Days after being released on bail for violations of public health orders, a southern Manitoba pastor attended anti-lockdown and anti-vaccine protests.

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Days after being released on bail for violations of public health orders, a southern Manitoba pastor attended anti-lockdown and anti-vaccine protests.

Tobias Tissen, a pastor at the Church of God (Restoration) near Sarto, was released on bail Oct. 20, after he agreed not to organize or incite any gatherings related to the COVID-19 public health restrictions, regardless of the size of the gathering.

It was one of several court-imposed conditions Tissen agreed to follow to secure his release.

Three days later, Tissen attended an anti-mask rally outside the Manitoba Legislative Building in Winnipeg, where anti-restriction protests have been happening weekly for several months.

On Oct. 24, he attended a "freedom" rally just outside of Winkler held by the same group, Things that Matter.

Karl Krebs, the Winkler resident who founded the group, posted a photo of he and Tissen attending the Oct. 23 rally in Winnipeg. In videos shared on Facebook, Tissen can be seen preaching at the Winkler rally Oct. 24.

"I will never take that back in front of any court — that governments have tried to take what belongs to God, and that will never go well with me, should never go well with any Christian. We have decided to obey God rather than man," Tissen said at the Winkler rally.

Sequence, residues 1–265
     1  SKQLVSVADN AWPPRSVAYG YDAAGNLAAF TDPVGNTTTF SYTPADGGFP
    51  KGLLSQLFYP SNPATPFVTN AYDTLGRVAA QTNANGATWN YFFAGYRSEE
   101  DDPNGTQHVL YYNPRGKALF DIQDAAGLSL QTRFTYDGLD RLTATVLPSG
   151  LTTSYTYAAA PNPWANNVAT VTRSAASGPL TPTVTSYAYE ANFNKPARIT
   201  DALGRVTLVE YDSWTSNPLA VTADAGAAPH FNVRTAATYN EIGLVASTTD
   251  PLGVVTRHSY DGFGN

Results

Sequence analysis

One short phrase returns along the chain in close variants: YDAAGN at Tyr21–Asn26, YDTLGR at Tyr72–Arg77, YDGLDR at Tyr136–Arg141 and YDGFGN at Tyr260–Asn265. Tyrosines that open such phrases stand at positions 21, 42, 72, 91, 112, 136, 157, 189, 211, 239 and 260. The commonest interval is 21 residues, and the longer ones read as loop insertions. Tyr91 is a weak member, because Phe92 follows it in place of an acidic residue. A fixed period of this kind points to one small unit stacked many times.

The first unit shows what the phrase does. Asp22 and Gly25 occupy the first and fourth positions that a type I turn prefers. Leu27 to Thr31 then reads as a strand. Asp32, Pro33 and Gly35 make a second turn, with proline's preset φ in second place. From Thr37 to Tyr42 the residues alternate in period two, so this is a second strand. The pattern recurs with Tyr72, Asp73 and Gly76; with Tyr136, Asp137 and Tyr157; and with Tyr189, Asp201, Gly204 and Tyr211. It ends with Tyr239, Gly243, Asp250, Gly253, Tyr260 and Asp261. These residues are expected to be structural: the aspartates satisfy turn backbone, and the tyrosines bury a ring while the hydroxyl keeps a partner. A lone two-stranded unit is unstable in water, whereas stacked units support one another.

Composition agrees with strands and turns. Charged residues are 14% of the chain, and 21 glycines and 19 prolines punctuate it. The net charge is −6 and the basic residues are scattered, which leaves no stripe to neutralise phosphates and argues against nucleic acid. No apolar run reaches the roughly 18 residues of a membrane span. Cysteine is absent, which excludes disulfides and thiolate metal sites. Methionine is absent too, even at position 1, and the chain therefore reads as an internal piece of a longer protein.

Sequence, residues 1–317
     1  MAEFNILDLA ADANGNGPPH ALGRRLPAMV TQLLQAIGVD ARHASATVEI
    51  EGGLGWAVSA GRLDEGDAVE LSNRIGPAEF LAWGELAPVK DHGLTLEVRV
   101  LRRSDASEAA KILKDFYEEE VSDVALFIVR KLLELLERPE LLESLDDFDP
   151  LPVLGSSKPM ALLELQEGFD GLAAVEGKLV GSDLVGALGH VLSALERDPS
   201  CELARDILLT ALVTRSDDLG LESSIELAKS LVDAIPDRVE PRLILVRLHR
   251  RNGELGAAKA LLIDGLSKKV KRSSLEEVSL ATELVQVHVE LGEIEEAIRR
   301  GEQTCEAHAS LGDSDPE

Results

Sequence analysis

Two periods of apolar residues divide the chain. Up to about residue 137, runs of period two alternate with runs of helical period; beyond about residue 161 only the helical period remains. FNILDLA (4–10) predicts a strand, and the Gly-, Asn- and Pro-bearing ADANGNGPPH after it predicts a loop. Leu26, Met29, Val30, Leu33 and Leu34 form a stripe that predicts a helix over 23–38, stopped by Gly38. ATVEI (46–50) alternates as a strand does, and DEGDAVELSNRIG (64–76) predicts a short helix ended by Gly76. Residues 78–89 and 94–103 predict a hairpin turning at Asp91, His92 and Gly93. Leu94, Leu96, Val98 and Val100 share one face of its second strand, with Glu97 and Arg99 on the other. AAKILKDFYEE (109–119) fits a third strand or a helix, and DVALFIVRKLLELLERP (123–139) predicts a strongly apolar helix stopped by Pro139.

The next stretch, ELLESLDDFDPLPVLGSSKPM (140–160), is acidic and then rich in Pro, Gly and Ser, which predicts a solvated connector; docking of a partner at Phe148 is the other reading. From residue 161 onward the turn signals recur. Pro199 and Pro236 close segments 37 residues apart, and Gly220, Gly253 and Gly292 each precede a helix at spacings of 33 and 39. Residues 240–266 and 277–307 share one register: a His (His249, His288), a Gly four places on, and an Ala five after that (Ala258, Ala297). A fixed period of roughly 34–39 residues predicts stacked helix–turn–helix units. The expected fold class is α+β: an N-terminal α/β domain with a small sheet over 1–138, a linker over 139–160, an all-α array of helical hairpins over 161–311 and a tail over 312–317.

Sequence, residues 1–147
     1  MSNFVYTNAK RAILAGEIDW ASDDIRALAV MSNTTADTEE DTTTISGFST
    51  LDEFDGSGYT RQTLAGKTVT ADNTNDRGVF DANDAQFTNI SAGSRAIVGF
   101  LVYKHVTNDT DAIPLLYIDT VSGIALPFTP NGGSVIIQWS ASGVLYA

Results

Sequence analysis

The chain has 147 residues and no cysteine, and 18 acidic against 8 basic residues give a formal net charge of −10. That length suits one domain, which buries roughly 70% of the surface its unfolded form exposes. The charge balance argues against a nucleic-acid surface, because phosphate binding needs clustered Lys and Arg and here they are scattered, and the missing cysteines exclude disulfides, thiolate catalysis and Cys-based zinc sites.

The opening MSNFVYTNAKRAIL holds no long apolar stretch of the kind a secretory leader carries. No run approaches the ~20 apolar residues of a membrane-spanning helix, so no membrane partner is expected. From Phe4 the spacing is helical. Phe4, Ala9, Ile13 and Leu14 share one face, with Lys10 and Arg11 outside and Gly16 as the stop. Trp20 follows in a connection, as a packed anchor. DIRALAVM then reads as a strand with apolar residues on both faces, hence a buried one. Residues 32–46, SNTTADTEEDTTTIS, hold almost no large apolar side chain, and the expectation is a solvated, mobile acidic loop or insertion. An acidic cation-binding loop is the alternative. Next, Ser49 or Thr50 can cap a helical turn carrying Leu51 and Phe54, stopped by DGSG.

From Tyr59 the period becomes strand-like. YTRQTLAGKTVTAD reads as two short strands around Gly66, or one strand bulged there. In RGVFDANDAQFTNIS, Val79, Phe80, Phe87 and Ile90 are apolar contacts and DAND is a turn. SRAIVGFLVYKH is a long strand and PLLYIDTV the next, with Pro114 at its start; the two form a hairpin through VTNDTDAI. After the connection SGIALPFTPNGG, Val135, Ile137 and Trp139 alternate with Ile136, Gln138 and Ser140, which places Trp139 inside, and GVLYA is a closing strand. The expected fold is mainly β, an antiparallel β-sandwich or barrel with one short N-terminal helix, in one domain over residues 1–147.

The court condition was worded in such a way so as not to prevent Tissen from carrying out his duties as a pastor.

"There is nothing in his release conditions preventing him from attending a protest," his defence lawyer, Alex Steigerwald, said Tuesday.

Tissen was arrested Oct. 18 in Steinbach on a charge under the provincial Public Health Act. He’s accused of violating public health orders on May 15, the same day a large anti-mask rally was held in Winnipeg.

Winkler Mayor Martin Harder said he’s been hearing from residents who were irritated about the Oct. 24 rally. He said he wasn’t there but saw photos that appeared to show no more than 50 attendees.

"Quite frankly, we’re concerned as well, just simply for the fact that it keeps stoking the fire," Harder said Tuesday.

As a religious person himself, Harder says he is particularly disappointed by Tissen’s continued attendance at the rallies and what the gatherings are preaching.

"That’s the disappointing part. You look at church leaders, and I look at how this particular individual has behaved throughout the year, year-and-a-half, under the umbrella of freedom and under the umbrella of ‘this is my right’ — it seems rather contrary to what the ministry is all about or should be about," the mayor said.

"It’s just so totally contrary to what the basic fundamentals of Christianity are all about that I just find it hard."

Meanwhile, the mayor said he and several community organizations have been trying to support local health-care workers by arranging things such as meal deliveries.

"There’s a difference between a rally and doing something," Harder said.

Katie May

Katie May

Katie May reports on courts, crime and justice for the Free Press.